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From Suikoden of Japanese Heroes (Yeiyû Yamato Suikoden,
Publisher: Kujioka-ya Keijirô (c. 1843)
Ogata Shuma (later Jiraiya) raising his sword to kill a python attacking a large toad,
Jiraiya is portrayed as being a ninja.

" … more lifestyle than profession."

I'm afraid that I feel compelled to break with a semi-sacred tradition and report that I am a Ninja. Yes, anyone engaging as a Ninja was cautioned in their training to keep their true identity secret, though no clear punishment was associated with violating this warning. I well understand the complications this disclosure might create, for the first and most enduring response to any Ninja disclosing their secret tends to be incredulity. Nobody ever believes it. They treat this confidence as a joke, since no Ninja in the history of this world so far ever looked like they might be a Ninja when they're out of costume, and, indeed, the costuming might well account for ninety percent of a Ninja's magic. Ninja-ing's a cosplay occupation.

I've confided this secret before, though never quite this publicly.
I've mostly disclosed my true self to small children who have always responded with disbelief at first. Later, they might find themselves somewhat convinced. I always enlisted them in keeping the secret so that they wouldn't feel pressured to convince any grown-up just what I was. The lack of visual verification slows acceptance, for Ninja moves happen so fast that the unaided eye can never catch them. Heck, my Ninja self can and has scaled a skyscraper in less time than it might take to blink an eye. My magic just does not work at any slower speed, so it's a challenge for anyone but me to believe that I've actually scaled that building during that moment when you must have blinked or something.

The Ninja life was never what a non-Ninja might imagine. It's not often terribly exciting. Sure, there's the occasional distressed damsel in need of defending. Those, I can generally dispatch in about a second with one hand tied behind my back. Neither damsel nor distresser tend to know what just happened, except that the unfortunate encounter seemed to have ended, leaving not quite a hint of a memory about what occurred. In extreme cases, the bad guy might not survive the encounter, but I'm more of a catch and release-type Ninja. I keep my bloodshed to an absolute minimum, if only because the deceased never enjoy any benefit of their own redemption. Bad guys can always turn good if exposed to some 'proper' influence like an exquisitely-placed Ninja slap.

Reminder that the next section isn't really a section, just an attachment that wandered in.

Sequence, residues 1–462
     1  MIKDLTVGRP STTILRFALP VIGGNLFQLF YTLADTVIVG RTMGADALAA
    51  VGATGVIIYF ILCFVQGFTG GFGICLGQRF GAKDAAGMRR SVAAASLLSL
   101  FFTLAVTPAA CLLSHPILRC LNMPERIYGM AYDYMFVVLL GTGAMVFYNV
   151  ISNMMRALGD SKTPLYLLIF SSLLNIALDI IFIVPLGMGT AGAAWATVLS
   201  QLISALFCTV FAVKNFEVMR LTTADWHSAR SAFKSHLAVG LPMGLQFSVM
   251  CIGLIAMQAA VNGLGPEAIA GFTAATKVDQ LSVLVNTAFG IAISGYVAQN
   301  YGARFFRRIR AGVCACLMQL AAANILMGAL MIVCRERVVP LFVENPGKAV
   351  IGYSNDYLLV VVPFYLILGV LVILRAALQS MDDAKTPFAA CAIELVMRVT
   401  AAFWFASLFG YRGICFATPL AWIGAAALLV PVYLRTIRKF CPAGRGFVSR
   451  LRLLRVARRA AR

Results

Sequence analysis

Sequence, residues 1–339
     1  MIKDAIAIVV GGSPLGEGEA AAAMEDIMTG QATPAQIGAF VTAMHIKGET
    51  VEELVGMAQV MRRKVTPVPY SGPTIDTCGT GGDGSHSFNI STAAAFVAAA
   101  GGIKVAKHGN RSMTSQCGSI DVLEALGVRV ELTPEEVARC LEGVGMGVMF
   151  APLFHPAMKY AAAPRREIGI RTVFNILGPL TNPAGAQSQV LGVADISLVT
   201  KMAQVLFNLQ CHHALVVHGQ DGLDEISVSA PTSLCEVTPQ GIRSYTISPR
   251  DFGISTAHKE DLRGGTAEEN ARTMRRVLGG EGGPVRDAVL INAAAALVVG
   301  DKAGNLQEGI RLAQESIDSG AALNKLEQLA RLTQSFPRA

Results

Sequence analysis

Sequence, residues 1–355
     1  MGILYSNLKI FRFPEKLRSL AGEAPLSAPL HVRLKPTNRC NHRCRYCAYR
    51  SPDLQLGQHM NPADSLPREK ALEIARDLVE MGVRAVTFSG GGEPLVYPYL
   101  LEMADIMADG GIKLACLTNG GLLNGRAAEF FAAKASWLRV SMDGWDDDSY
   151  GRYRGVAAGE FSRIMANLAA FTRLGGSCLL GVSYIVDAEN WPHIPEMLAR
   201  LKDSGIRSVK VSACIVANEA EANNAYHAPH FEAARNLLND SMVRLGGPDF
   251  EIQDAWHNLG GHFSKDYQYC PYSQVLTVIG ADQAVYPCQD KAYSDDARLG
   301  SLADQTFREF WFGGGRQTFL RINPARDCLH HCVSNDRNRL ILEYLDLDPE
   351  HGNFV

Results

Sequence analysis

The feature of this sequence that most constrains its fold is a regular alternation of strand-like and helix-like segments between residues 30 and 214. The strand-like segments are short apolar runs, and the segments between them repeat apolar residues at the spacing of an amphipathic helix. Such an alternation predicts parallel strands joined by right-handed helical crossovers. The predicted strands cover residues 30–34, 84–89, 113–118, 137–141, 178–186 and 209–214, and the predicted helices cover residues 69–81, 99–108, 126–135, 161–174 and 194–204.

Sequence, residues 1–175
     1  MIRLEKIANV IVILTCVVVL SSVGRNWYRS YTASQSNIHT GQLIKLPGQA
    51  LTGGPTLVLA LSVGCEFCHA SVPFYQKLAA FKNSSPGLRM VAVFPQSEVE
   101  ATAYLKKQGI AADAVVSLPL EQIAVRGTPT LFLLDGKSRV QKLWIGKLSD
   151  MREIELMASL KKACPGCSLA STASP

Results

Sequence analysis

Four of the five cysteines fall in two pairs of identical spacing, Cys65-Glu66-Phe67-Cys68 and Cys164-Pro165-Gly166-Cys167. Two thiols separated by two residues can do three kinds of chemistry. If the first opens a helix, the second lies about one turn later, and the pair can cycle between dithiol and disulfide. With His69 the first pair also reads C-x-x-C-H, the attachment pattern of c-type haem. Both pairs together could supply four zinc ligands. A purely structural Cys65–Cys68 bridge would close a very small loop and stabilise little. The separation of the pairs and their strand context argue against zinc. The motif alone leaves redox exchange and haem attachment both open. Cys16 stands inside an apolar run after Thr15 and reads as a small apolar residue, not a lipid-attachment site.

Perhaps the greatest benefit a Ninja enjoys might be that he (or she) can transform themselves into other creatures. One was reportedly able to turn himself into a toad then back again, with considerable benefits. Another mastered slug magic, the gist of which I will not even attempt to enumerate here, but just imagine. Being a Ninja won't much influence which seat one rides in on the bus and might add little to encourage domestic happiness, but it's honest work, though uncompensated. No salary. No benefits. No vacation, either. Ninja-ing's a 24/7 sort of occupation, but as I suggested above, this world never was lousy with distressed damsels. My sword and stars sometimes get rusty between uses. I practice more than I perform.

I mention this secret identity today because The Muse is away on her first business trip since before The Damned Pandemic. I have the whole house to myself, well, me and the Cats. The Cats know well my otherwise secret identity because they can see at the speeds Ninjas like me perform. They respect that element of me, if none other. When The Muse is away, I can just kick back and display my usually exclusively inner Ninja, consuming Ninja food with impunity and even treating myself to a Ninja movie, under the guise of professional improvement, of course. Though a Ninja's moves tend toward the traditional, and even Ninja movies often scramble up the stories, I find it heartening to watch a fellow Ninja in action. It's not like Ninjas ever hold conventions like the one The Muse is attending this week. We're more loners than community members, Ninja being more lifestyle than profession. You're welcome.

©2022 by David A. Schmaltz - all rights reserved

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